An IV was put in.  Nurses seem to have problems locating the veins in my arms so IV’s must go in my hand.  I became very whoozy and gray when the needle was inserted.  The nurse swiftly reclined me so I wouldn’t pass out.   It could have been nerves but I also tend to faint when I am stuck if I am hungry.  As instructed, I hadn’t had anything to eat or drink since the day before.  Pat and I joked about fainting early in the day and getting it over with.  Things could only go up from here.  Silly me.
     Next stop was the Woman’s Imaging Center.  A slender wire needed to be inserted with guidance from a mammogram into the tumor.  This wire identifies exactly where the tumor is so that the surgeon doesn’t cut into the tumor and can get clear margins around it.  Pat got to sit in the now familiar waiting room for this step in the proceedings.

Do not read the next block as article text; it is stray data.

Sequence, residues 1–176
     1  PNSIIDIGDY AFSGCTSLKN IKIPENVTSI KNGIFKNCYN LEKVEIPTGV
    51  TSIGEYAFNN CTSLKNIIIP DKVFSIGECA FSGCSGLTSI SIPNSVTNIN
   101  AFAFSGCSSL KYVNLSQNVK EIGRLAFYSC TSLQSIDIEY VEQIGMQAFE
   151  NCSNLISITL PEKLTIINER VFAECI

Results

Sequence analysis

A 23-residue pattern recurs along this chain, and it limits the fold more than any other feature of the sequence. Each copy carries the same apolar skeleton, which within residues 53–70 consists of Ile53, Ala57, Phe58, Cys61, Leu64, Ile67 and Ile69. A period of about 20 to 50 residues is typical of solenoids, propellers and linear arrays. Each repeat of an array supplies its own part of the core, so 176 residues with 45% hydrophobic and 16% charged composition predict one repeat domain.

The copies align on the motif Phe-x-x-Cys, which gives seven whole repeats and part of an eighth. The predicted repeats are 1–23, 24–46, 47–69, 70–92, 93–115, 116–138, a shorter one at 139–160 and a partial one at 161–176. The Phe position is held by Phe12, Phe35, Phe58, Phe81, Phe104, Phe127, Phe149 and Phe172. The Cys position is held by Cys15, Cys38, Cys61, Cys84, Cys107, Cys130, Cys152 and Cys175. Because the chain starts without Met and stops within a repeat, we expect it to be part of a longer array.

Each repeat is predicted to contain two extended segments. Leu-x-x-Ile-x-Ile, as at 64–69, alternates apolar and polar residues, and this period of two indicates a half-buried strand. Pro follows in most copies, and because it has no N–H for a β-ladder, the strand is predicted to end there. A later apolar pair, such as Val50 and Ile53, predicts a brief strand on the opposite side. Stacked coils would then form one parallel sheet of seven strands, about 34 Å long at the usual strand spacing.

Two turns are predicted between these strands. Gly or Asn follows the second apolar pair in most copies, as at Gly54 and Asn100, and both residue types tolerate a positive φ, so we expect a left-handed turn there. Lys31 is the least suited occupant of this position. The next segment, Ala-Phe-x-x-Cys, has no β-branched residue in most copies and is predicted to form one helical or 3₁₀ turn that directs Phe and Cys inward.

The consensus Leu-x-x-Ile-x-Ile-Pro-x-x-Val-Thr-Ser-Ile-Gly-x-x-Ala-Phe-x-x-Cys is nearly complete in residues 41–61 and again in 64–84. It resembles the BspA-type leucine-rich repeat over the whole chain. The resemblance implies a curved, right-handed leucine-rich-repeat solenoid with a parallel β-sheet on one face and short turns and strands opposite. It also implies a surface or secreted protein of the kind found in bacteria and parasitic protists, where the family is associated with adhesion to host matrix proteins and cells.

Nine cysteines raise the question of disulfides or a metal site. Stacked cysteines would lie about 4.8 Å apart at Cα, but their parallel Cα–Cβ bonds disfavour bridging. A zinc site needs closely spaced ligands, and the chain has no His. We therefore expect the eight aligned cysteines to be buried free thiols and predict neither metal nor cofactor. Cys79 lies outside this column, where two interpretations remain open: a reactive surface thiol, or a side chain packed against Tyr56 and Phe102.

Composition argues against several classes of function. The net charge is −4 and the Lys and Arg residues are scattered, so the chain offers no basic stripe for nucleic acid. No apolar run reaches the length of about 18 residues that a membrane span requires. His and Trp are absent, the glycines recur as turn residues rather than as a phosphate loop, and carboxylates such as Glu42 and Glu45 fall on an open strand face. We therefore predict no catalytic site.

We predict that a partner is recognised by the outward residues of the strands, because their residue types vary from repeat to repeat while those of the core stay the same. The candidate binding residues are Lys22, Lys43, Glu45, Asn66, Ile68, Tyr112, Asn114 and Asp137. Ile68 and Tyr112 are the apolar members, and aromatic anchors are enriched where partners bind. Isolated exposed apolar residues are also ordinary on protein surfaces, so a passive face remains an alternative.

I had been told by my mother, who had a biopsy many years before, that the wire would be inserted without anesthetic.  I was terrified nervous about this given the location of the tumor.   I knew this would be like being stabbed.  MY MOTHER WAS WRONG!  The wire is inserted only after an anesthetic is administered by needle to numb things up.  
     A confluence of things now conspired against me.  I was seated on a bar stool with wheels and pushed up to the mammography machine trailed by my IV lines.  I had to sit on the wheely stool, while they attempted to get the tumor which was cozily tucked up against my ribs into view on the mammography machine.  Instead of two solid flat plates for compression, there is one solid plate and one plate with a rectangular hole in it that the anesthesizing needle and the wire can be inserted through.  I was wheeled into position, clamped in place, and then the numbing needle was administered, at which point, I promptly fainted.